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Virginia Deck Design Explained, Part 2: Posts, Beams and Joists

Last week I talked about the ledger board and the footers, the first steps in building your deck. Today I’ll cover the next steps.


The standard spec for a deck is for it to be supported by 6″x6″ pressure-treated posts. Not only are these sturdier than 4″x4″ posts (the old standard), they’re big enough that you can notch the top of the post to carry the beam.


On your deck, the posts and the beams are doing much of the work. For this reason, the attachment of the beam to the post is a very important detail.

Source: Spotsylvania County Typical Deck Details

While you can get 4″ or 6″ thick beams, the more common approach is to build up to the required thickness with multiple pieces of 2x lumber fastened together. For example, a typical callout for a beam might be (2) 2x10s or (2) 2x12s. Deck beams can either run under the joists or in line with the joists. An advantage to running the beam under the joists is that if you’re following the Typical Deck Details packet, you can cantilever your joists (let them hang over) up to two feet past the edge of the beam. I’ll do that if we’re doing a curved deck, for example.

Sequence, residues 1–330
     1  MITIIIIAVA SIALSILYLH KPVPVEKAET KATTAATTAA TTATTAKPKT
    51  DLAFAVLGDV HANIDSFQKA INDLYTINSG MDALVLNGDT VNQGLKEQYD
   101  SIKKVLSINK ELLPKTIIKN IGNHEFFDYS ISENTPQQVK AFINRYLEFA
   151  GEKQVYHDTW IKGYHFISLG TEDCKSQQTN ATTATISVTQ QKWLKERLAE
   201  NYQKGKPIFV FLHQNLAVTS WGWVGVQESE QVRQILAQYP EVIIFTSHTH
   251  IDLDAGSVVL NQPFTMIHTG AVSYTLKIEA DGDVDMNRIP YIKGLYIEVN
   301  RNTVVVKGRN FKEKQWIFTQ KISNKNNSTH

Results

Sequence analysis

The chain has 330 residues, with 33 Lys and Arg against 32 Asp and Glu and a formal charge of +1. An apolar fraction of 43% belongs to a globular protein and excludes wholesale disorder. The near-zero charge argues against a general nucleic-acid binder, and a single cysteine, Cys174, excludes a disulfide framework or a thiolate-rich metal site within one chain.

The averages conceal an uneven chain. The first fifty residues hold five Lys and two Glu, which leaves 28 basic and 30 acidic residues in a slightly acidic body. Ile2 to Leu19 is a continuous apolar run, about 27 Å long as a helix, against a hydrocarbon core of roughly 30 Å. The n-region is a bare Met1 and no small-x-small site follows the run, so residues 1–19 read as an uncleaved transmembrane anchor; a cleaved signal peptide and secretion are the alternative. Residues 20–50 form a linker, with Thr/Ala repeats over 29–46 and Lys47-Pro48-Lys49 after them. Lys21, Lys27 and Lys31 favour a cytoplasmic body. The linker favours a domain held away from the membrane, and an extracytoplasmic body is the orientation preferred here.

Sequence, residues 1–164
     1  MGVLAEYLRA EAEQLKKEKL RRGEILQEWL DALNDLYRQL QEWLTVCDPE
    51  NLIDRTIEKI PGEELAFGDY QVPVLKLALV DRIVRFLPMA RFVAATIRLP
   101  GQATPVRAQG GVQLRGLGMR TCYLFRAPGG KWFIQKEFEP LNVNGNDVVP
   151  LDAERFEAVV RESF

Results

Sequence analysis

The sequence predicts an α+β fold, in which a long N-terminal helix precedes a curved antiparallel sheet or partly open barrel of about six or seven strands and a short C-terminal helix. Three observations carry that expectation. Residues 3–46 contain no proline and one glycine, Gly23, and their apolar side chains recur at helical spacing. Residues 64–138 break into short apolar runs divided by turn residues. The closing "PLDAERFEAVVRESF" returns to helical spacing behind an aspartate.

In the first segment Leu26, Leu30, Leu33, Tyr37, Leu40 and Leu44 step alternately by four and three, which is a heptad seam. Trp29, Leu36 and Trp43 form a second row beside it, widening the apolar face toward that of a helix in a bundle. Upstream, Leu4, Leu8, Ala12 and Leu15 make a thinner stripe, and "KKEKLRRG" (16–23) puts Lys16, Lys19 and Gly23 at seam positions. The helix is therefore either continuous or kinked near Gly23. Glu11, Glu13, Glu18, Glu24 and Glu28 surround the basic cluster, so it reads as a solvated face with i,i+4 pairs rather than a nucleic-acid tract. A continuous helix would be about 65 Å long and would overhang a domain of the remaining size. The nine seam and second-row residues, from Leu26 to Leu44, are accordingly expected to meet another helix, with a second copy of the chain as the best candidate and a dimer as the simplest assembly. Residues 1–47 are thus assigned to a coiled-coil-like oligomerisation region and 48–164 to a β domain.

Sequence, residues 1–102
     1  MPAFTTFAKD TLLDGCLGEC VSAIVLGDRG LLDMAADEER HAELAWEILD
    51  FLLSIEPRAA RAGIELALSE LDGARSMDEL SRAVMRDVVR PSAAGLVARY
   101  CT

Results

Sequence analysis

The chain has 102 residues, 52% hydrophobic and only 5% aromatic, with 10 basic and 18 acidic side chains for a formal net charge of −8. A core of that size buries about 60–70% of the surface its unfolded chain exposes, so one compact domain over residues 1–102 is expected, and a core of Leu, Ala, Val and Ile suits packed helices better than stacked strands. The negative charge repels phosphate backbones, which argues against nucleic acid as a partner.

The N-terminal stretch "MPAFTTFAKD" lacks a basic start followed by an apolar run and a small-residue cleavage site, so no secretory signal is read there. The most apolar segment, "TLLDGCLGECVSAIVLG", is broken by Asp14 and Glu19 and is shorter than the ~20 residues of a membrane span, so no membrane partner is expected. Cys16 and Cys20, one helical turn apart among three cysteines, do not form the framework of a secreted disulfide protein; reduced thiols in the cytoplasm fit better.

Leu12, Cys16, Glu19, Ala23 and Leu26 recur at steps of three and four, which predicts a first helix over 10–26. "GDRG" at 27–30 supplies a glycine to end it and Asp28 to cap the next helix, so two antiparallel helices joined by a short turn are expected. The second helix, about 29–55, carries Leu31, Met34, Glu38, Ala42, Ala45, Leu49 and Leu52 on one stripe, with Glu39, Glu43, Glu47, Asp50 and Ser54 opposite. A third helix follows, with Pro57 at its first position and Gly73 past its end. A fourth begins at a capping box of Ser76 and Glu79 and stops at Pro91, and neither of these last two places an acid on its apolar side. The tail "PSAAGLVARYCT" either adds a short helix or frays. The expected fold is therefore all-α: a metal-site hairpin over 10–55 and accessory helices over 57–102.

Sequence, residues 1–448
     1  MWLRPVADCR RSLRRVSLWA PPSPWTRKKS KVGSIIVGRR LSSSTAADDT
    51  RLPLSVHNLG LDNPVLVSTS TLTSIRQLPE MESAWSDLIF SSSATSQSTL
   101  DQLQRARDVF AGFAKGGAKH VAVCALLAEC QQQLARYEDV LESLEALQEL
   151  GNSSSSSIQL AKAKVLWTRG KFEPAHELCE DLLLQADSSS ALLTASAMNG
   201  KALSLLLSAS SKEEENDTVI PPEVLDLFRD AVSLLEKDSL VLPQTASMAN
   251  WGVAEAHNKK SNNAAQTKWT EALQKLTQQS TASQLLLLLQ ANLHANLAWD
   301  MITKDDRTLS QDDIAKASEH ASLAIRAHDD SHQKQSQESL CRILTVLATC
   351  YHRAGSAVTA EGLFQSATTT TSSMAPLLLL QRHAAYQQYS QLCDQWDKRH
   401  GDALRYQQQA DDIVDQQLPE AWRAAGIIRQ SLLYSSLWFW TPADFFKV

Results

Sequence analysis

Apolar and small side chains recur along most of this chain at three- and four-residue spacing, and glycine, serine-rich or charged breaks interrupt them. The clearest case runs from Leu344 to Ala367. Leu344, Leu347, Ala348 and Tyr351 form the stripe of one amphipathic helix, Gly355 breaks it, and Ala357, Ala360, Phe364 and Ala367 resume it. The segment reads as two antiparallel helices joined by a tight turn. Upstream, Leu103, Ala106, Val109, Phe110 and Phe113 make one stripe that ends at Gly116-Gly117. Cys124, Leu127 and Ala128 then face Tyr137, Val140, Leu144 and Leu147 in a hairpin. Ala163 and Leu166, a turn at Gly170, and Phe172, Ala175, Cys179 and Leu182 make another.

An in-line beam can help you out if you’re building a deck that is very low to the ground, where you wouldn’t have enough height to place a beam under the joists. On a taller deck, an in-line beam creates a cleaner look and can make it easier to use the space under the deck for storage or additional patio space.


The joists carry the deck boards, and therefore act just the like floor joists in your home. The key is to size your joists correctly so the deck feels solid. On a really long span, 2×10 joists might be approved but they could make the deck feel springy in the middle. Joist spacing is also important. While a 16″ on center spacing might work for pressure-treated decking laid perpendicular to the joists, what if you want to set the boards at a 45 degree angle? Composite decking is also a variable to consider, because it can give a little. Set your joists too far apart and you’ll feel the decking give a little underfoot. Even if you’re in no danger of falling through, it’s an unsettling feeling.

The important rule of deck design is that there is no one size fits all approach to building a deck. Not sure where to start? Contact a professional deck designer in your area!

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